In a bid to evaluate how integration and particularly visa openness in Africa, the African Development Bank (AfDB) has released a report that shows that despite African nations pushing for integration, the continent largely remains closed off to African travelers.

The African Visa Openness Index indicates that on average Africans need visas to travel to 55% of other African countries, can get visas on arrival in only 25% of other countries and don’t need a visa to travel to just 20% of other countries on the continent.

This article was published here

The rise of internet veg box schemes in sub-Saharan Africa

5009Online grocery startups in Kenya, Rwanda and Gambia help farmers cut out the middleman, but challenges such as low internet access may hinder profitability.

Growing up on a farm in central Kenya, Winston Wachanga witnessed the piles of fruit and vegetables that perished after never making it to a market.

Later with a tomato farm of his own, he experienced the same struggle of farmers across the country trying to find a buyer. “We have so much produce but accessing customers is difficult. We don’t have capacity to get produce to market and we end up being exploited. It becomes frustrating,” he says.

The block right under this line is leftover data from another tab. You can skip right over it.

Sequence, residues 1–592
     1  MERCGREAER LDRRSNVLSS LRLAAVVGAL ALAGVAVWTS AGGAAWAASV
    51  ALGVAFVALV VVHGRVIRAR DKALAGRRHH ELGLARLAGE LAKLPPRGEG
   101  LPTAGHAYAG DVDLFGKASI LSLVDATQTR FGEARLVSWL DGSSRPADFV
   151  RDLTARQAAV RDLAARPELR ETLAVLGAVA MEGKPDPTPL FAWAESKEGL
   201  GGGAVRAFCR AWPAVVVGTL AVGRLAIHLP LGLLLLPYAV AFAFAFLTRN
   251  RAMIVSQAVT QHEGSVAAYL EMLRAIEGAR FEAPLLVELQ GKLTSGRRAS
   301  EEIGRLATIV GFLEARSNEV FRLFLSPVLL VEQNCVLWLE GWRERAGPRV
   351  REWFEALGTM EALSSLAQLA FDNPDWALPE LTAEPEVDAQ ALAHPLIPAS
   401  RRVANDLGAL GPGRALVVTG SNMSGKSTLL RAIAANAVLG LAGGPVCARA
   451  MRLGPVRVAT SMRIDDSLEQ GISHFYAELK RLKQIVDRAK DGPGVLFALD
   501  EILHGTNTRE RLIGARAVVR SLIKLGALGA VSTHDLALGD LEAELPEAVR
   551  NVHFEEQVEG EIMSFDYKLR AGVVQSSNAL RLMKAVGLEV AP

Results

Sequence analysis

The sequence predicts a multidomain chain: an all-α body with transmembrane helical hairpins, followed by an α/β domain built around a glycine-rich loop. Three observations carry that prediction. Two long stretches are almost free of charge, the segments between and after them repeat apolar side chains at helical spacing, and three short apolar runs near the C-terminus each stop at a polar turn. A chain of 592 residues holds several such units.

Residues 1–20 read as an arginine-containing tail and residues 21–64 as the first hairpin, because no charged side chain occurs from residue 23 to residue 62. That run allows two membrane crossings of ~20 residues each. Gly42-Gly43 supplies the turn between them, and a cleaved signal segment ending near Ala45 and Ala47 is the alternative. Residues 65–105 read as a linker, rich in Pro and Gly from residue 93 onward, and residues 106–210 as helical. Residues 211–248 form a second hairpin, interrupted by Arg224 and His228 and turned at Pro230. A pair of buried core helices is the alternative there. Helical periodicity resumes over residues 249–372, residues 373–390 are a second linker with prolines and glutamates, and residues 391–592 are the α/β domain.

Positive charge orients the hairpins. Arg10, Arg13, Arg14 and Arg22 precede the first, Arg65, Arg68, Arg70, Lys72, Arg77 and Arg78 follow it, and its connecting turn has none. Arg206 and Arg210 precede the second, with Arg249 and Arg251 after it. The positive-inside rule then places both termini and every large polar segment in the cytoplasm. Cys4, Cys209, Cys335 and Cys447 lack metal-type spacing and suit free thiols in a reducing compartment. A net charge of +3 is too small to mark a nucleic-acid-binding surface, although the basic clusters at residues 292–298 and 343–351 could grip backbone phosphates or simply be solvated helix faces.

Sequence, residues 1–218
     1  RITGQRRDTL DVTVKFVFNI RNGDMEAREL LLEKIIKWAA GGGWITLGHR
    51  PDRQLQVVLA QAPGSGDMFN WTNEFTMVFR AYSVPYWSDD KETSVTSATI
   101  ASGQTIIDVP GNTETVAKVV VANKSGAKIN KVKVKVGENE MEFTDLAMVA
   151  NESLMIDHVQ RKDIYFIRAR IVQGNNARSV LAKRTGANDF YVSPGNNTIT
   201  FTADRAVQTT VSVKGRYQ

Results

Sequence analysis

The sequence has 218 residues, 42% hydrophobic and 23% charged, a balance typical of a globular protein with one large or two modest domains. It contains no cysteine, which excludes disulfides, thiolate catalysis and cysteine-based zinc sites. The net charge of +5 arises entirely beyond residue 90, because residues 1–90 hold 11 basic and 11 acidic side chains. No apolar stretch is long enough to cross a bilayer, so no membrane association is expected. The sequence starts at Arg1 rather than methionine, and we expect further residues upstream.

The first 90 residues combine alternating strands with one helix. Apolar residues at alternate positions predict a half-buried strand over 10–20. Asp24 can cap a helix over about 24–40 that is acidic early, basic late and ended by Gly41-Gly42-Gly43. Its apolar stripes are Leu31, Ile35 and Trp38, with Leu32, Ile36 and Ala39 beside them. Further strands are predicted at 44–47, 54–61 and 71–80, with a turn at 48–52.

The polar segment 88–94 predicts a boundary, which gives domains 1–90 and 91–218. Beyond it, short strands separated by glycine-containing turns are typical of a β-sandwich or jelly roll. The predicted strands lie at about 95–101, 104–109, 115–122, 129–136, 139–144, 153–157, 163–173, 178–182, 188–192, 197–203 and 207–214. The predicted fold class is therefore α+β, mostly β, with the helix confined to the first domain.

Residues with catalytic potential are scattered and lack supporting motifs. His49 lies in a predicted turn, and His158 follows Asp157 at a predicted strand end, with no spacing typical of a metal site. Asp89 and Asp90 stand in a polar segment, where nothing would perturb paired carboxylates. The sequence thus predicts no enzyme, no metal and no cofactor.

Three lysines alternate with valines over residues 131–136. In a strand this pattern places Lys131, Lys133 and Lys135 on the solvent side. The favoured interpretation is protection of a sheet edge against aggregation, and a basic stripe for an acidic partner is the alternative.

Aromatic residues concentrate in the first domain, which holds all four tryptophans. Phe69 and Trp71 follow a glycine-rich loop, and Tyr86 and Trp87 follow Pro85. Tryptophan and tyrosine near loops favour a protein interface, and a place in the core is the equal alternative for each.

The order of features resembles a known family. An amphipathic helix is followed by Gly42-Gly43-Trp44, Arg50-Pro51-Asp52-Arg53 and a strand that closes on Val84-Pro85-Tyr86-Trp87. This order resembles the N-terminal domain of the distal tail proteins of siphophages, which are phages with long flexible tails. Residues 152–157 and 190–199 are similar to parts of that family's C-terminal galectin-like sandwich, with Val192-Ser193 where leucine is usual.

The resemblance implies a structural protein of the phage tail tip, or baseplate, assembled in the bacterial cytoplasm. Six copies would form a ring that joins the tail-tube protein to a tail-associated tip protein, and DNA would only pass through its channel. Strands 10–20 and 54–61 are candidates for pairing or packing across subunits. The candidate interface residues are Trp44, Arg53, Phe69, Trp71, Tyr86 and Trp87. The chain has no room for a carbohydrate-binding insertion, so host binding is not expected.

To solve this gap, Wachanga set up online delivery company Kitchen Soko. In less than a year he has built up a network of 80 local farmers in Kenya whose produce is delivered in a box straight to the customer’s front door. Customers can find out exactly which farm the produce has come from.

This article was published here

Japan to increase investment in SA

Pretoria – Mineral Resources Minister Mosebenzi Zwane has welcomed a commitment by the Japanese government to increase its investment in South Africa, despite the current downturn in the gloJapan-Cherry-Blossom-Lake-Sakurabal economy.

“We are encouraged by the continuous support from the Japanese government and companies, and that they are prioritising South Africa,” Minister Zwane said on Wednesday.

On Tuesday, he met with Parliamentary Vice Minister of Economy, Trade and Industry, Tsuneo Kitamura, on the sidelines of the Mining Indaba in Cape Town.

“It gives us confidence that our country remains a preferred investment destination. Investors are taking a long term view and are not discouraged by the current downturn in the cycle,” Minister Zwane said.

Japan remains a major trading partner for South Africa, with about 140 companies active in the country and over 150 000 jobs created. –